Other exceptions to reporting on Form N-CR include: routine fee waivers and expense reimbursements; routine inter-fund lending; routine inter-fund purchase of shares; and any other financial support that the fund board determines is not reasonably intended to increase or stabilize the value or liquidity of a fund. These determinations, we believe, should be memorialized in the board’s minutes.
- Retail Fund summary prospectuses may disclose natural persons limitation: The SEC has interpreted Items 6 and 11 of the Form N-1A rules to permit Retail Fund summary prospectuses to state that the fund limits investors to beneficial owners who are natural persons.
- Floating money market funds (Floating Funds) must disclose fair value policies in prospectus: Form N-1A currently permits “money market funds” to omit disclosure regarding its fair value practices. The staff believes that only stable NAV funds such as Government or Retail Funds can continue to rely on this exception and that Floating Funds should disclose in their prospectuses the circumstances under which they will use fair value pricing.
- Updating a money market fund’s registration statement: The FAQ confirms that imposing (or removing) a fee or gate can be disclosed pursuant to a prospectus supplement filed pursuant to Rule 497 of the Securities Act of 1933 (1933 Act), because of the need for immediacy in communicating such an action. However, with respect to a fund’s transition to a floating NAV structure and ability to impose fees and gates, the staff believes that a registration statement filed pursuant to Rule 485(a) of the 1933 Act – i.e., a material amendment — is appropriate. A Rule 485(a) filing would also be required for N-1A Item 16 disclosure (capital support and imposition of fees and gates).
Amortized Cost Questions
- Floating Funds cannot use amortized cost to value a security if this value is not “approximately the same” as its fair value: Floating Funds can use amortized cost to value securities with a remaining maturity of 60 days or less, but not their shares, under the Rules. Consistent with the Rules release's valuation guidance, however, Floating Funds can only use the amortized cost value of a security when they can reasonably conclude that the amortized cost value is “approximately the same” as the fair value of the security (without the use of amortized cost).
- Floating Funds that invest only in securities with remaining maturities of 60 days or less must state that their share prices will fluctuate: Floating Funds that invest only in securities with remaining maturities of 60 days or less must use care in sales material and prospectus disclosure. They may not state that they seek to maintain a stable NAV as the SEC considers such a statement to be misleading. As has been pointed out by others, this position may make short term Floating Funds less attractive to investors.
- Amortized cost valuation guidance not applicable to stable NAV funds: The FAQ reminds the industry that stable NAV funds (i.e., Government and Retail Funds) may continue to value their entire portfolios using amortized cost; accordingly, the amortized cost valuation guidance provided in the Rules release is not applicable to these funds except when they are shadow pricing their securities or portfolio. The guidance is applicable, however, to Floating Funds as well as all other types of fixed income and equity funds that use this valuation method.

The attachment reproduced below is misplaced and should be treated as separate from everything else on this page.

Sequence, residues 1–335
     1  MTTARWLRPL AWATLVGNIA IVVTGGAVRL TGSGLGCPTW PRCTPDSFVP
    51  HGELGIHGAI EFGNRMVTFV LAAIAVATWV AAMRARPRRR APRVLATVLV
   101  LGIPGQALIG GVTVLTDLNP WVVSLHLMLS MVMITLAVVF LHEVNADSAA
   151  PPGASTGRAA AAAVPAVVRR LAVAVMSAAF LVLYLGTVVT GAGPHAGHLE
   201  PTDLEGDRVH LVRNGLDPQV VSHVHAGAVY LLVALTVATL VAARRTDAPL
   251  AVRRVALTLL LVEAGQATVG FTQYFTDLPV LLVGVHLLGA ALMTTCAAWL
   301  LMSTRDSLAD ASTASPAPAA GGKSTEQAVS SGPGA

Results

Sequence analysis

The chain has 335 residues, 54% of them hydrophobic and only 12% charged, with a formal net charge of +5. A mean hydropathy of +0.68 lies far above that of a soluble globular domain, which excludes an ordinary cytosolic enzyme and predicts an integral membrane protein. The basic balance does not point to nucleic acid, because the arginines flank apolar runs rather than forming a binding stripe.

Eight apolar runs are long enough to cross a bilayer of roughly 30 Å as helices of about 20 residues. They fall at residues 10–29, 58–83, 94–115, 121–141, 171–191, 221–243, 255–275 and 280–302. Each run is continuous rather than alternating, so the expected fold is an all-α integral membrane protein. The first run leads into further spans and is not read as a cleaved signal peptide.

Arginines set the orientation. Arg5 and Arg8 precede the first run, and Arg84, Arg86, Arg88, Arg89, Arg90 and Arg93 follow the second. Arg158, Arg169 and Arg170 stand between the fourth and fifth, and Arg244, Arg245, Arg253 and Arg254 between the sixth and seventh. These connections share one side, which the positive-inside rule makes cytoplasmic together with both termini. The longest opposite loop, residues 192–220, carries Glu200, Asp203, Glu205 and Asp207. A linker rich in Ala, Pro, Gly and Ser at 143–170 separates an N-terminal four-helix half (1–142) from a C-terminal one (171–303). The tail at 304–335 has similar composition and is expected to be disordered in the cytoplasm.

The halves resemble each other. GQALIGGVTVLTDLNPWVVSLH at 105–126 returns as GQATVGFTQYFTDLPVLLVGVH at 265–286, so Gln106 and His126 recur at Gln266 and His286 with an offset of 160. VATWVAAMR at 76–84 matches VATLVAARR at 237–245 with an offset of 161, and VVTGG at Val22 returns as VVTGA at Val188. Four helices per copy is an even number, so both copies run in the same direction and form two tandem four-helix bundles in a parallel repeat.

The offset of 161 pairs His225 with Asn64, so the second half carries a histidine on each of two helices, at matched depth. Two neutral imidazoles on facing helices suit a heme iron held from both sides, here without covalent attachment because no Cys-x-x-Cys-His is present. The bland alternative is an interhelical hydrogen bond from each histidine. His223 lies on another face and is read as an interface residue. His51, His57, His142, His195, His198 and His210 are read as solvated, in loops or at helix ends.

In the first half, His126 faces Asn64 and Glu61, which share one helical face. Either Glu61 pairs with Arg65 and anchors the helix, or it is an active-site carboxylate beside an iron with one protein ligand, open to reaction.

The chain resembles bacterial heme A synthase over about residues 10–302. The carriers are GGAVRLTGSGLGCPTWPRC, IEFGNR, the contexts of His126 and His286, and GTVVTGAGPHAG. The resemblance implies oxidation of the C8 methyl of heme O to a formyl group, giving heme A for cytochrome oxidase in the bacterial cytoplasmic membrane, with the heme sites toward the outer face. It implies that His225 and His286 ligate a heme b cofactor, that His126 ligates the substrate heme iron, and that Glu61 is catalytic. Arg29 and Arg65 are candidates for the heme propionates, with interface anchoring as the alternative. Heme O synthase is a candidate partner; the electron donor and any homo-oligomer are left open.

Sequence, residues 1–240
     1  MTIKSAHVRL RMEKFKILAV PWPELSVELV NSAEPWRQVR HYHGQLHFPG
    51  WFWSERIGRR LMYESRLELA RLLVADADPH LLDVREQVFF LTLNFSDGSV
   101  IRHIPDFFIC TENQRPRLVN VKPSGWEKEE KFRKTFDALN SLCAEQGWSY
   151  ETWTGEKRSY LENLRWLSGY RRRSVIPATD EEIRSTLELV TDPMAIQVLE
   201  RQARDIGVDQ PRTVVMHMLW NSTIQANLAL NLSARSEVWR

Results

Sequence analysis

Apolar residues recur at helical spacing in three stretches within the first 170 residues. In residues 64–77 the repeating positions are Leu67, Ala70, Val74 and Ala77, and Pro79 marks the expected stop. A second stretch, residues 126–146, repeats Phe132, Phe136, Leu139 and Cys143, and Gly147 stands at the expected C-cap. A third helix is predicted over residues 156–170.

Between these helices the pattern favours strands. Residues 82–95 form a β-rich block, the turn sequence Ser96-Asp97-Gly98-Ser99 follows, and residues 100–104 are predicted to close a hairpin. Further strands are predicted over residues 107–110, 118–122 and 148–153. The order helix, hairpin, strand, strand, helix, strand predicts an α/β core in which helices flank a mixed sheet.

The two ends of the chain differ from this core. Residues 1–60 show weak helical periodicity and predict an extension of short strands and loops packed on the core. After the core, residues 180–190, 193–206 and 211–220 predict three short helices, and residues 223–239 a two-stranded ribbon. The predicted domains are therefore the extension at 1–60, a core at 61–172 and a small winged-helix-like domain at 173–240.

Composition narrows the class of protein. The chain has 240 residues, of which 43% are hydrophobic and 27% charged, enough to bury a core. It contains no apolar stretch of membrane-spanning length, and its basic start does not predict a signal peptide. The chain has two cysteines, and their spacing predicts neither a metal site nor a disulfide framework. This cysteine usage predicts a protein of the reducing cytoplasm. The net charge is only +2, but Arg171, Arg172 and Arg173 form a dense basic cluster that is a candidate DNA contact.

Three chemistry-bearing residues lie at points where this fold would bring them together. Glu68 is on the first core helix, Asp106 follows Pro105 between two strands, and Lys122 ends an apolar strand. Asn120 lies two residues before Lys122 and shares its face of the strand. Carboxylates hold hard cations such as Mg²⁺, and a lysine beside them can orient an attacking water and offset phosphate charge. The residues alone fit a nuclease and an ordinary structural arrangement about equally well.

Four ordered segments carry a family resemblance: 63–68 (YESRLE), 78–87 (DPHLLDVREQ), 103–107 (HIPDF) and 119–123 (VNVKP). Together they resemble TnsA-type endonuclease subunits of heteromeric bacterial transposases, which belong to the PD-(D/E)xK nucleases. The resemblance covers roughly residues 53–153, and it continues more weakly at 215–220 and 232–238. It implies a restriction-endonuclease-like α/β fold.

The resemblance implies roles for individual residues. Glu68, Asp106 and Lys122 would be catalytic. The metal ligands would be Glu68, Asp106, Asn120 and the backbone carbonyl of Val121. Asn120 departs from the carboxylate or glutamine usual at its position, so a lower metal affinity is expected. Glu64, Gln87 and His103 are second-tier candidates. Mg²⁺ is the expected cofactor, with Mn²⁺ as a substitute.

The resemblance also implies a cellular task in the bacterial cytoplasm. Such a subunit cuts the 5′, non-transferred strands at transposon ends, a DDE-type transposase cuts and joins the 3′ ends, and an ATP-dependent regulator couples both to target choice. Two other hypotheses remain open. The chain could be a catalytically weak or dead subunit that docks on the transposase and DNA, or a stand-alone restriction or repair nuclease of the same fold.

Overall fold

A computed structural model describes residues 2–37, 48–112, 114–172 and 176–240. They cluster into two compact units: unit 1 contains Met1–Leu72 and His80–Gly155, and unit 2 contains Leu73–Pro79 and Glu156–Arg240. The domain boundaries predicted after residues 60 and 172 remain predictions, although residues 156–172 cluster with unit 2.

- Amortized cost securities not required to be shadow priced daily: The SEC clarified in a companion FAQ that its guidance on amortized cost in the Rules release was not intended to force funds to shadow price amortized cost valued securities daily. Instead, the FAQ states that funds should have adequate policies and procedures in place that include a description of factors used in determining the fair value of the security and how these factors are reviewed and monitored each time a valuation decision is made.
Fee and Gate Questions
- Funds must implement board-approved fee/gate immediately: The FAQ emphasized that a fund should implement a fee or gate immediately after a board’s determination to impose one. However, the staff did recognize that it may take some time to notify shareholders and intermediaries regarding a fee and/or gate and that the transfer agent and intermediaries may need some time to implement the gate. Therefore, the staff believes that the board should take these considerations into account in imposing the fee or gate. There were a series of other technical questions regarding fees and gates also addressed by the FAQ.
- Rules' exemptive relief doesn’t apply to merging two retail share classes of similar prime funds into new or existing retail funds with multiple classes: The FAQ states that the exemptive relief provided in the Rules for mergers and reorganizations is not applicable to combinations of share classes. A fund that wishes to combine share classes that have already been split into new funds under the exemptive relief, however, may use Rule 17a-8 under the Investment Company Act of 1940 if the transaction meets the requirements of the rule.
In addition, the Rules relief does apply to the reorganization of a single fund owned by both retail and institutional shareholders into two or more funds, such as a Retail and a Government or Floating Fund if the conditions of the relief are met (e.g., pro rata distribution of assets). The FAQ points out, however, that shareholder approval may be required in certain circumstances. The performance record of the original fund may be used by each of the new funds in this scenario.
Board Valuation Monitoring
- The Board may delegate specific valuations responsibilities, such as due diligence of pricing vendors, to others subject to appropriate oversight: A companion valuation FAQ issued by the SEC states that fund boards have a non-delegable duty to determine that evaluated prices provided by pricing vendors represent the fair values of the fund’s portfolio securities. The FAQ clarified, however, that the fund board may use others to assist it in making this determination. Fund boards may therefore consider whether their policies and procedures sufficiently specify the duties and reporting obligations of their delegates.